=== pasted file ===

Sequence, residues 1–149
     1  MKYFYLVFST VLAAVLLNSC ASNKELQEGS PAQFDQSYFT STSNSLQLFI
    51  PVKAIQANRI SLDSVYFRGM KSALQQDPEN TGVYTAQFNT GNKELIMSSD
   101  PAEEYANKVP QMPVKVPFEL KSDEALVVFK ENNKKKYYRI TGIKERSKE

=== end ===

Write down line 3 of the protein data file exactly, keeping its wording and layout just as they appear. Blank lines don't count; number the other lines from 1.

    51  PVKAIQANRI SLDSVYFRGM KSALQQDPEN TGVYTAQFNT GNKELIMSSD